As a designer, for everything you're trying to allow a player to control, you need an input. From there, it's just a choice of how much fidelity of control you want each input to have. We've come up with more and more choices over the years for creating inputs for digital devices, starting with buttons and joysticks as carry-overs from physical machines, eventually adding things like D-Pads, mice, trackballs, analog triggers, racing wheels, motion controls, touchscreens, voice controls and motion tracking. Today, we even have people like Emotiv
experimenting with direct brain control, EyeWriter
experimenting with eyeball-tracking, and Novint
making a unique device called the Novint Falcon.
They can all work. They can all work well. It's all down to a matter of how much control a game developer wants the player to have over a particular type of input.
There are amazingly fun games that can be controlled with exactly one digital button, like SFCave
These types of games often turn the player's lack
of input fidelity into the central skill and fun of the game.
As the intended interactions become more complex, so do a game's controls. You might think of a game like the original Super Mario Bros. as incredibly simple, but days upon days of work went into getting those controls perfectly right. It has no fewer than eight different types of input—go left, go right, down, pause, shoot fireball, run, jump and BIG jump.
A lot of thought went into how those controls were distributed, too, and much of the fun of Mario comes from how the control scheme makes certain types of interactions artificially difficult. Why not just make Mario run at full speed based on the arrow keys, or assign "shoot fireball" to the select key instead of the same key as the "run" key? Because it's more fun to have to balance your combat abilities balanced to constrain your mobility. Conversely, we have the "Up" key on the keypad unused, when it would make perfect logical sense for the "jump" command, but because we want jumping to be something Mario can do easily and at any time it gets its own button separate from the other movement controls so you can do both at once. We also have "jump" and "big jump" on the same key, because of the human instinct toward the force and/or duration of an input influencing the resultant output.
Nintendo didn't know that when they were first making Mario. They tried and experimented with those different combinations, until they arrived at the modern 2D Mario control scheme. Every game developer has to experiment with these things, to arrive at a control scheme that works for their game.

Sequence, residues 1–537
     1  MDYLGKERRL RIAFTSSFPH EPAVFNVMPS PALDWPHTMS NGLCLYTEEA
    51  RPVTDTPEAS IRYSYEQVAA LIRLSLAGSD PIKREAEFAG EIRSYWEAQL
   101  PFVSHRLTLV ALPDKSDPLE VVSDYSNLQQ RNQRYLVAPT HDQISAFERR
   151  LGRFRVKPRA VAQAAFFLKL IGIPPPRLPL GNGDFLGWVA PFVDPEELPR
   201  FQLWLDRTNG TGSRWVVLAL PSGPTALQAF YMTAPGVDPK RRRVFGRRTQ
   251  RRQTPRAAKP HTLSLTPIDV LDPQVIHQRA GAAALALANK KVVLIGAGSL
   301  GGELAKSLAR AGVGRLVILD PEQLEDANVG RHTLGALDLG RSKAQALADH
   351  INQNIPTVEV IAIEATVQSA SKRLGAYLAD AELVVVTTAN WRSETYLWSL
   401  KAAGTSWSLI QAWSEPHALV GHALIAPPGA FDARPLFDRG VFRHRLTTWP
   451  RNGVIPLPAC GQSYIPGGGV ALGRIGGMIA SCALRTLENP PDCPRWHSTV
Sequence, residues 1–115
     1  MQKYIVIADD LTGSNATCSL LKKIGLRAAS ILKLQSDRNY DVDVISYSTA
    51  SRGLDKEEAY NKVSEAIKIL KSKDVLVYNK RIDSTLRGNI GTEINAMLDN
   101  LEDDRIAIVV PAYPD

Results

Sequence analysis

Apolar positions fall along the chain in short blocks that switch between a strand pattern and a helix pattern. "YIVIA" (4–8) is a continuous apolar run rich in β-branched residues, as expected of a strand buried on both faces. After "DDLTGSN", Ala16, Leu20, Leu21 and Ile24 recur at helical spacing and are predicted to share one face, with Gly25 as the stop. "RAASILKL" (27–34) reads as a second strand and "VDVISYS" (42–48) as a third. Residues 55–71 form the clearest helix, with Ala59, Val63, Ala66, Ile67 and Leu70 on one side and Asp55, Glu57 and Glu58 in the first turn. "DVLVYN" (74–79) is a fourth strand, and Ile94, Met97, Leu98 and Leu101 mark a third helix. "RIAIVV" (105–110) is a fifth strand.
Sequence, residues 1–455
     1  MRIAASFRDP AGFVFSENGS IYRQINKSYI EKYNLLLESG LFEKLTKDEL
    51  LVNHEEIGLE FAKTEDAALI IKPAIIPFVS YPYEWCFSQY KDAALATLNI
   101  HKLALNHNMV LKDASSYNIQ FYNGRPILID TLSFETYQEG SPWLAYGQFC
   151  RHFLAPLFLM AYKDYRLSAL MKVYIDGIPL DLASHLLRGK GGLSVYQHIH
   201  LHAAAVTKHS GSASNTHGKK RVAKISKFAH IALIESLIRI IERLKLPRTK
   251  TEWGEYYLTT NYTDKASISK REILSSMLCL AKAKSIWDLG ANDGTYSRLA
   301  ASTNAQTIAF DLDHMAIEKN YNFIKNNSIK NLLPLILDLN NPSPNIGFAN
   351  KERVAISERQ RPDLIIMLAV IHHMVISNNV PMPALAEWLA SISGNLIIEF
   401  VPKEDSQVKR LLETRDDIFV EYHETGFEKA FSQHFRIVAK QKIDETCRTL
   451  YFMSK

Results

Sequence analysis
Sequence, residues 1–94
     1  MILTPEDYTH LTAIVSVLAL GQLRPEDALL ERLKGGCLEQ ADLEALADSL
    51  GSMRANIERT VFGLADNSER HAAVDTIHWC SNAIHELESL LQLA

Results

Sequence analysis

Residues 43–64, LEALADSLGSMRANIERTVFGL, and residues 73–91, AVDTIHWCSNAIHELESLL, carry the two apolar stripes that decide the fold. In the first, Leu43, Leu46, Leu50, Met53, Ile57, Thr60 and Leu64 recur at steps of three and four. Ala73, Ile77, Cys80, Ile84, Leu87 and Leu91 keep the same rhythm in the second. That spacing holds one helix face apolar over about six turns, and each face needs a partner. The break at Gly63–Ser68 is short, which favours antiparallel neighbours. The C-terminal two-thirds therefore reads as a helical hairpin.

As games have increased their fidelity—as we've moved away from abstract concepts and two-dimensional interactions to three-dimensional worlds acting as escapist fantasies—gamers have come to expect more complex interactions in their games. Some games try to model this via a menu system. That detailed modeling is what got us pen-and-paper games like Dungeons and Dragons, a game people absolutely love, but one that requires patience and imagination on the part of the players to produce immersion. Many early computer games attempted to automate some of the more tedious parts of those pen and paper RPGs, resulting in turn-based and then eventually real-time games. The move toward real-time forced them to abstract, hide, or take care of more and more systems on the player's behalf, though. It's the balance any modern game developer has to strike with their control schemes: how much control do we give a player?
Some developers have tried to give gamers every possible control as a unique input. That resulted in the unwieldly behemoth commonly known as Steel Battalion.
Other, less crazy developers moved toward context-sensitive control schemes, allowing a single button to do one of many complex interactions based on the player's position in the world, or even taking control of the character and automatically performing an action required to maintain immersion without the player's input. Today, more than ever, developers have to struggle to figure out exactly what inputs are necessary for gamers to interact with their games and have fun in the process.